First Time at the Pump

This bell sits on the counter of the nurses’ station in the heart of the chemotherapy common clinic on the 11th floor of the Victoria Building in the Victoria General Hospital. Every patient sees it each time they enter the clinic and look forward to enthusiastically ringing it at some time in the future. To qualify for the privilege, one has to be at the end of their cancer treatment.

In an otherwise quiet facility, today the clang of the bell rang out loudly and enthusiastically by a patient leaving the clinic for the last time. The other 10-12 patients on the pumps in the chemotherapy clinic joined in her celebration with a round of applause. It was a joy to be present and witness this ceremony. It will be my turn a few months from now.

It was my first time in the clinic today. However, I wasn’t there for chemotherapy. Today I was there for an Iron Transfusion. This is the first of five weekly treatments. Each transfusion takes between 15 and 20 minutes, followed by a saline flush for about 5 minutes. After that I needed to remain for 30 minutes to ensure I didn’t have any adverse side effects.

For future treatments, I’ll drink more water before the session. It took 4 attempts to get the IV needle in my right wrist. I found that ironic as compared to the needle used when I donate plasma, this one was tiny.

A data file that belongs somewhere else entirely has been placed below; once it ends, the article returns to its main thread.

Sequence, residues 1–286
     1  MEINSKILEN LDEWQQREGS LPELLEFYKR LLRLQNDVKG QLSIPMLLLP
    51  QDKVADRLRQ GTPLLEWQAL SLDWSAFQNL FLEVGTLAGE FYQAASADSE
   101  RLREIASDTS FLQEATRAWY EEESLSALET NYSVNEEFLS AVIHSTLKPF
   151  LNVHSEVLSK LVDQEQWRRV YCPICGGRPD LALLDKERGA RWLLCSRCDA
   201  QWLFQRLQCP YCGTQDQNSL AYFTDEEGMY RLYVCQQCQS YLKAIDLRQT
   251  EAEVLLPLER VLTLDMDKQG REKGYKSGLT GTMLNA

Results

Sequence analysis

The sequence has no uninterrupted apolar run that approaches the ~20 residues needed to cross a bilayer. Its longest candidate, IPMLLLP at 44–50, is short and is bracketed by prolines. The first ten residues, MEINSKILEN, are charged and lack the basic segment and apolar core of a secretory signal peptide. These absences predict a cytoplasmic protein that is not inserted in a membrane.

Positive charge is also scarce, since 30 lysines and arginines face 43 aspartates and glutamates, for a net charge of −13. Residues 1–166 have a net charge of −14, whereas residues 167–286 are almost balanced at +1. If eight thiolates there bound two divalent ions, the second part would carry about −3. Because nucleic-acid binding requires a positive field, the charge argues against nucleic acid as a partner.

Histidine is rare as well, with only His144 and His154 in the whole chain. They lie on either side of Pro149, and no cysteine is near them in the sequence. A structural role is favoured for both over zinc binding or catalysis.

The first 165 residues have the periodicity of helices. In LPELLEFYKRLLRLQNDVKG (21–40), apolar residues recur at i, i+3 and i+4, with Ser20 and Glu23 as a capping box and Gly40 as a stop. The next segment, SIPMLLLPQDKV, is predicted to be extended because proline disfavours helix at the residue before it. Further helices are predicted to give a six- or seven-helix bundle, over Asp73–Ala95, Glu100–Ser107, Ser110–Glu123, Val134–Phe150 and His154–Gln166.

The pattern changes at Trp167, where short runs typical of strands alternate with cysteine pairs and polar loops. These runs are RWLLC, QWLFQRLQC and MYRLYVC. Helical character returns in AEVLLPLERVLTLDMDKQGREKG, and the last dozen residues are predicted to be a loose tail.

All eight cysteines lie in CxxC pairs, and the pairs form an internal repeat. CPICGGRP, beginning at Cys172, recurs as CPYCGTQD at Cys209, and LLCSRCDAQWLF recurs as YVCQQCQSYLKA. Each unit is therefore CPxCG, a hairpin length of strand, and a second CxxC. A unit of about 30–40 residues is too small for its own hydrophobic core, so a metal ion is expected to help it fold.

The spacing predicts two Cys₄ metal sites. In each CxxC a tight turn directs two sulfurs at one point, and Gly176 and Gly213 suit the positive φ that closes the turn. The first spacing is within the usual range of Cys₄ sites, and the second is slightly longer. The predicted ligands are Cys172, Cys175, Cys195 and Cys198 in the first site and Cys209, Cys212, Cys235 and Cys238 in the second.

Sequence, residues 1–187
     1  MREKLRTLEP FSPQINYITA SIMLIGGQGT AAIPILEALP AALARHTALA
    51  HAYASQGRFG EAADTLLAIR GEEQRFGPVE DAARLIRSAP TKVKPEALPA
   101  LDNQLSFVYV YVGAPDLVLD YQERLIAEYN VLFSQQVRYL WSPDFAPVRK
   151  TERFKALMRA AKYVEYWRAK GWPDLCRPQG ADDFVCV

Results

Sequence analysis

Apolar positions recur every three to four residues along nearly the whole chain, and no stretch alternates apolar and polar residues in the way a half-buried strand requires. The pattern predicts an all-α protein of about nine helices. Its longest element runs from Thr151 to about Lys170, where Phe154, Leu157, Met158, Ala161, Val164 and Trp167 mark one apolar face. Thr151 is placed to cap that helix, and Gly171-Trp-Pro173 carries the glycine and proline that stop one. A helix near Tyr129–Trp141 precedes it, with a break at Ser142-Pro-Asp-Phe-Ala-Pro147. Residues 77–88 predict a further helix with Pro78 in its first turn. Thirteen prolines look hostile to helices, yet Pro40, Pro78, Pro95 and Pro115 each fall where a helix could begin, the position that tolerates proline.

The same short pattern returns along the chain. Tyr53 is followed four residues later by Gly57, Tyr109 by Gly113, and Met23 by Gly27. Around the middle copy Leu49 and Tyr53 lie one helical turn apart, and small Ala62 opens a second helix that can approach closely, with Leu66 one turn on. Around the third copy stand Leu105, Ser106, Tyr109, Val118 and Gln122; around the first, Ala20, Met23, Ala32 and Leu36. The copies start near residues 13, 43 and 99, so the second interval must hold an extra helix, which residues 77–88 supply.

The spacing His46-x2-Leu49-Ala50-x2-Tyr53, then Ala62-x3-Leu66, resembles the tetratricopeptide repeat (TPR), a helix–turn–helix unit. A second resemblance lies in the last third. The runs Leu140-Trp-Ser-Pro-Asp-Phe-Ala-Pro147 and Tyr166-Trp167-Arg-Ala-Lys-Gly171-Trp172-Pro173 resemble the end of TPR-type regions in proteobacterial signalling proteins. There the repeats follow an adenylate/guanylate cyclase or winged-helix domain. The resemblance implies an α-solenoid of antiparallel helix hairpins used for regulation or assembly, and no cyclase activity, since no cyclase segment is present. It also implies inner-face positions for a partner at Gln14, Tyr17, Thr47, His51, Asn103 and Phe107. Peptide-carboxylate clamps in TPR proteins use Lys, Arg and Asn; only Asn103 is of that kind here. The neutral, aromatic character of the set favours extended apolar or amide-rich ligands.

Ah well, lesson learned.

I didn’t have any side effects although I had a deep-sleep nap when I got home. I didn’t feel particularly tired but I went out like a light in my new man chair. I was watching Live At 5 … perhaps that had something to do with it.

In case you missed my earlier post, a hemoglobin count for a man my age should fall between 120 and 140 (in the US between 12-14). Last week, mine dropped to 55 which is considered critically low. To correct, I needed a blood transfusion of 4 units to bring it up to 85. I haven’t had blood work since then but I’m feeling good and my colour is about what you’d expect for a pale Caucasian 66-year old male.

Iron is the building block of hemoglobin so increasing my iron will bring up my hemoglobin count. The next blood work should show that is the case but if not then it will be back to the drawing board.

Thanks again for reading my ramblings. It is gratifying to have so many at my side along for this challenging ride.

Peace, love and laughter – Phil

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